Founded in 1978 by Mel and Patricia Ziegler, the first Banana Republic store (located in Mill Valley, California) looked nothing like the affordable luxury brand, or as they describe themselves, "True outfitters of modern American style," it is today. From the beginning, and throughout the 1980s, Banana Republic was a safari-styled retailer. Instead of high-quality casual wear and parquet floors, stores were filled with palm fronds, cartridge belts, WWII Army jeeps, pith helmets, elephant tusks, Bombay dresses, and khaki vests. Adweek explains how after meeting at and then quitting the San Francisco Chronicle, they decided to start their own business reselling surplus military clothing.
With only $1,500 in working capital, the Zieglers started Banana Republic, a term O. Henry coined in 1904 as slang for a corrupt, politically unstable Latin country. Americans, for whom "surplus" meant only camouflage U.S. Army T-shirts, fell in love with the exotic military leftovers the Zieglers scrounged on their international buying trips. "In England, we found Melton wool overcoats made for the British army selling for 25 bucks," Ziegler recalls. Banana Republic marketed the clothing as rare and marked it up. "We weren't losing money," he says.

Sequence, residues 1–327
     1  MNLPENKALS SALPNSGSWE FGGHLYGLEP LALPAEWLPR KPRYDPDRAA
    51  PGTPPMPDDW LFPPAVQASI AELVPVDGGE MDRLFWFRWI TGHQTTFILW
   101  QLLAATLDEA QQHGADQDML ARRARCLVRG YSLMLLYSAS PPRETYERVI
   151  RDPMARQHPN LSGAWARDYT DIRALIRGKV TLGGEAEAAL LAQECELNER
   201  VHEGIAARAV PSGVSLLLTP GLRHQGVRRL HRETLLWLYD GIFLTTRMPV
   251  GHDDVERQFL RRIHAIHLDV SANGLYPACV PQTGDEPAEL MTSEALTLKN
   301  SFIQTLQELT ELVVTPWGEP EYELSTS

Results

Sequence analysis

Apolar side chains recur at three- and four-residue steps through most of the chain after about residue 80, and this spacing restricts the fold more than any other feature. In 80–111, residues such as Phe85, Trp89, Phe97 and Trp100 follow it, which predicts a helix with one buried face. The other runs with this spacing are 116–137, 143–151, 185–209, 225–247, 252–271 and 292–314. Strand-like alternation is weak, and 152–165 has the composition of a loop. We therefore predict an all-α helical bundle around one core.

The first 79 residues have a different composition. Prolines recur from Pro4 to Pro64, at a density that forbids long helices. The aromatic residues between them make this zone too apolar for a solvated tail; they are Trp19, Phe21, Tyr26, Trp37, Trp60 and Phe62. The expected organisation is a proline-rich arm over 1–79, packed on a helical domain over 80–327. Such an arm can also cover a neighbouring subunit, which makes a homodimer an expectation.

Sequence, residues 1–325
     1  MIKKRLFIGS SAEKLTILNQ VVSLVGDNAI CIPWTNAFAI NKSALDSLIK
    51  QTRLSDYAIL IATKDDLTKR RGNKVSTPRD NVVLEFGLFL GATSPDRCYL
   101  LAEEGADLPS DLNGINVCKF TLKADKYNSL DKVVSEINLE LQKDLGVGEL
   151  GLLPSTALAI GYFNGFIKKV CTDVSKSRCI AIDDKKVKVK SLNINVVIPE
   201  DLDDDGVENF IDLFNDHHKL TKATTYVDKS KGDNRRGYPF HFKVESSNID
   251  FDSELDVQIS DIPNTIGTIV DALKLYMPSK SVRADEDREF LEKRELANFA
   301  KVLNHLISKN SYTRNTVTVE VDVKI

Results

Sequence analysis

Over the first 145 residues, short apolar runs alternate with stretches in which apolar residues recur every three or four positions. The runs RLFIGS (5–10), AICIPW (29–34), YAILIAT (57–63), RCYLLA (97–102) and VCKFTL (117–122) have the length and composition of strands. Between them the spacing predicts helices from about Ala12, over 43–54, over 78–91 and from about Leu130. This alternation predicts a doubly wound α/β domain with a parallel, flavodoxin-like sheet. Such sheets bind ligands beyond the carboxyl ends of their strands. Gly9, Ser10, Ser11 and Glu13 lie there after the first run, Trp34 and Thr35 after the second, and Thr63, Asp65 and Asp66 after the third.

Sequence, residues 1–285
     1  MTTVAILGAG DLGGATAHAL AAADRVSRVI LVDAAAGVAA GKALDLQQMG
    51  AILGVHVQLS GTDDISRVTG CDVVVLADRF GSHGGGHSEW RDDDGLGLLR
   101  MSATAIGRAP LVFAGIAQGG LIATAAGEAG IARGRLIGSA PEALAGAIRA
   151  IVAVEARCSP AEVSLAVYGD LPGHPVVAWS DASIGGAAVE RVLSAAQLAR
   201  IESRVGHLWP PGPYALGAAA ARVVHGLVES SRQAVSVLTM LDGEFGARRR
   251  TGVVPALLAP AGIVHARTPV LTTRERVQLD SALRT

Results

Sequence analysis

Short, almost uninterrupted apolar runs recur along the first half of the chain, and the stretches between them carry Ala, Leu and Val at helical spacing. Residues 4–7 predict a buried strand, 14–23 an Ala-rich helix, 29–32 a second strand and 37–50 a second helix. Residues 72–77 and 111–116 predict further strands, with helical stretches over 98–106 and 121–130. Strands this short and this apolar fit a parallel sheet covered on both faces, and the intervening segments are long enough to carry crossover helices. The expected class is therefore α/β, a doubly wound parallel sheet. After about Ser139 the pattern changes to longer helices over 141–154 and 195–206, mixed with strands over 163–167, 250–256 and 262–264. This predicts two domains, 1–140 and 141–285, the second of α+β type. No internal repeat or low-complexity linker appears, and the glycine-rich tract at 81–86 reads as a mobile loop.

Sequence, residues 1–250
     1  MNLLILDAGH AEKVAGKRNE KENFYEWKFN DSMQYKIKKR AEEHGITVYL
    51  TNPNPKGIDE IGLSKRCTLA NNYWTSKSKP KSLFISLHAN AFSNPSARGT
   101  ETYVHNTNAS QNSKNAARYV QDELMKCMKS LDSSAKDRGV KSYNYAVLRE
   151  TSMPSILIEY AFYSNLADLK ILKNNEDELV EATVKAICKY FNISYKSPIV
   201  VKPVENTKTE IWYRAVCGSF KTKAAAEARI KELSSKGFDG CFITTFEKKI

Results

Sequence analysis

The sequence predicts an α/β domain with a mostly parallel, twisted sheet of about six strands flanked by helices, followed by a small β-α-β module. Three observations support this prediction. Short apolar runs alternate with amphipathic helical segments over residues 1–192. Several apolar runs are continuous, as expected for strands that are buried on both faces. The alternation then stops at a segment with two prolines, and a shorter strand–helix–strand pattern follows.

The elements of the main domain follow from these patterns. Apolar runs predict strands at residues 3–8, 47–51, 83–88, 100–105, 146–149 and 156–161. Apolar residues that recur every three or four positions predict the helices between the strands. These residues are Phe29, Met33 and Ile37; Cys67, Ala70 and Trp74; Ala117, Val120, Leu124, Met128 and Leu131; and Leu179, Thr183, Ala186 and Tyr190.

"A lot of people forget that there was a big safari craze in the mid-1980s," recalls Mike Madrid, Banana Republic's production manager in those years. Having flocked to movies like Out of Africa, Romancing the Stone and especially the Indiana Jones films, Americans were nuts about khaki twill and far-flung, steamy destinations. For those who couldn't afford a ticket to Sri Lanka, Banana Republic's mall stores offered a substitute of sorts.
Purchased by Gap in 1983, by 1984 Banana Republic was issuing 54-page catalogues eight times a year. You can check out several covers and pages from the retailer's safari-days catalogues below (courtesy of Abandoned Republic):
Head over to Adweek to read more.
Feature image via Mel and Patricia Ziegler. All other images via Abandoned Republic/Scott Adams.